By Paul Kupperberg
For writers, ideas are like stacked up airplanes circling the fogged in airport. We want desperately to have all of them land safely, but some are going to have to stay up in the air a little longer than others until the weather clears or a runway opens up. As a result, we’ve all got lots of ideas circling our brains but no opportunity to bring them in for a landing on paper as quickly as we would like.
A few years back, Steven Savile, on a writers email list to which we both belong, suggested that a bunch of us join forces to take some of those high-flying ideas, throw them into a hat, and pick a few on which a dozen or so of us could work together. The idea was to hasten the development and writing of these various concepts by sharing the workloads. The result of Steve’s suggestion was a collective we came to call the HivemMnd.
While Steve has already related the secret origin of the HiveMind in an earlier post here on the Crazy 8 Press blog, the work of actually writing Latchkeys takes place not as a community activity, but in the individual workrooms, offices, and minds of our fourteen writers. The current episode, “Chapter 4: Speakeasy, Part One: The Bootleg War” began with a story by Kris Katzen, which landed on my desk for fleshing out and was a particularly fun story for me to work on. It incorporates elements that play to several of my strengths as a writer: It takes place in New York, the city in which I was born and about which I have an insatiable curiosity (I have shelves containing nothing but histories and biographies related to this, the greatest city on earth), and is set against a historic backdrop, in this case the Prohibition era of the 1920s (coincidentally, I recently read Daniel Okrent’s fascinating history, Last Call: The Rise and Fall of Prohibition).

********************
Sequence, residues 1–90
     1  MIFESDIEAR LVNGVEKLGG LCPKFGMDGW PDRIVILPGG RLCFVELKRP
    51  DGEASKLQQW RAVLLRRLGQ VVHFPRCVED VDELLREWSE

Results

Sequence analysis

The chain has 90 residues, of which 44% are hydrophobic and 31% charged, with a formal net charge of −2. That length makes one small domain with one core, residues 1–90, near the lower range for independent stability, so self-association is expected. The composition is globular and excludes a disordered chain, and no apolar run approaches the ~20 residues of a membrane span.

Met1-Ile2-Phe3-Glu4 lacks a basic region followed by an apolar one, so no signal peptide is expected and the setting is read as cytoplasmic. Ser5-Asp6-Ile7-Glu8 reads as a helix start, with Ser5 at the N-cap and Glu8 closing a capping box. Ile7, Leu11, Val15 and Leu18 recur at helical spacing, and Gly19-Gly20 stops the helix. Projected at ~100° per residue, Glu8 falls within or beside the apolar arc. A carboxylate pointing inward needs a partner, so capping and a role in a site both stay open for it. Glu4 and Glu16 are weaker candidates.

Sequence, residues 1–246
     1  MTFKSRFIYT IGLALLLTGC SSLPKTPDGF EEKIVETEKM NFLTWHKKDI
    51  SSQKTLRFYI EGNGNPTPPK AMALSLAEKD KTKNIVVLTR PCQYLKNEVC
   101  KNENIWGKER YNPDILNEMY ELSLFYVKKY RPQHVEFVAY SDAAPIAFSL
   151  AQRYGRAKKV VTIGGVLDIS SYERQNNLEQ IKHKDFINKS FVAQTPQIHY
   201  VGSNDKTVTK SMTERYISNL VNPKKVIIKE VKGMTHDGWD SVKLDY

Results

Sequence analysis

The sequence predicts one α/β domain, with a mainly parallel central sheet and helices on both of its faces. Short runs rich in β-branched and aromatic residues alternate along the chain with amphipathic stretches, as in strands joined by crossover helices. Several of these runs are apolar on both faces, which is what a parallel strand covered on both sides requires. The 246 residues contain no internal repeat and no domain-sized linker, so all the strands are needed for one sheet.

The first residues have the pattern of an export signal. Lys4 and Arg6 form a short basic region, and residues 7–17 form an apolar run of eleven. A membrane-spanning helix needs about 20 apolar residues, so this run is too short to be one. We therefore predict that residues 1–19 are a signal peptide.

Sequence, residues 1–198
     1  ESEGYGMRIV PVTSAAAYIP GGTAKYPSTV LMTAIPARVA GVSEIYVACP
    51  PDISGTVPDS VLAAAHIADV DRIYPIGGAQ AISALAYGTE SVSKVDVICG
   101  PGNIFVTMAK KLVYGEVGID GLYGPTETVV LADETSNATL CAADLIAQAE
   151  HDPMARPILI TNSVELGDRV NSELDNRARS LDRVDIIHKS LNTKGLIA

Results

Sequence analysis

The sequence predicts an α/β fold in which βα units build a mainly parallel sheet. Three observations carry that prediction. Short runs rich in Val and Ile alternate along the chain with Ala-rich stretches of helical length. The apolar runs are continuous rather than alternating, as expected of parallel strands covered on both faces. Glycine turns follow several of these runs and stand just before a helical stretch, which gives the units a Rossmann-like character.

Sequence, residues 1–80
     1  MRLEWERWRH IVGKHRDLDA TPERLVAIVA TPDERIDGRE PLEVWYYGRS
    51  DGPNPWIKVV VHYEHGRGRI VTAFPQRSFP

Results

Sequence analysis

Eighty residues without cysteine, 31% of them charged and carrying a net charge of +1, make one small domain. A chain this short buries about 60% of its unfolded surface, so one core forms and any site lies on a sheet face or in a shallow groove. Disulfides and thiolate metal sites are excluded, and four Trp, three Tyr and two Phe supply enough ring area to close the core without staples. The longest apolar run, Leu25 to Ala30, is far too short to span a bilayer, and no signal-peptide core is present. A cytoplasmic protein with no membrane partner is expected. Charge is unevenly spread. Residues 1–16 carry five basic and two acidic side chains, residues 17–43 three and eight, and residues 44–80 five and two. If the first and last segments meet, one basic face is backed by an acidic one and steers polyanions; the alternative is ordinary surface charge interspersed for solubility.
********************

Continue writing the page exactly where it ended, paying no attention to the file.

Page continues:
I love to pepper period stories like “Bootleg War” with interesting little historic tidbits, whether about its locale or some incidental information (did you know Converse All-Stars sneakers were introduced during the First World War?)…just enough to give it the right flavor and a dash of verisimilitude. Of course, stories have to come from out of the characters first, but those characters need to be rooted in a world that’s as real as they are. The use of the wrong slang or an anachronistic prop and the reader is yanked out of the moment and all the mood and drama the author was hoping to set up is ruined.
And speaking of characters: Latchkeys stars a roster of good ones. I was already familiar with two of them, twin sisters Mercy and Marguerite, from writing one of the later Latchkeys episodes (#13, “Emmett”), but “Bootleg War” gave me the opportunity to get to know a couple of the other fascinating teens who populate this world. I hope you’ll find their intelligence and resourcefulness as interesting as I did while writing them.
So, to torture my opening airplane analogy just a little further, bringing Latchkeys in for a landing has been, in some ways, a long and sometimes bumpy ride, but now that we’re safely home, I wouldn’t have wanted to miss a moment of the trip. For readers, on the other hand, there’s nothing but clear skies and some good reading ahead.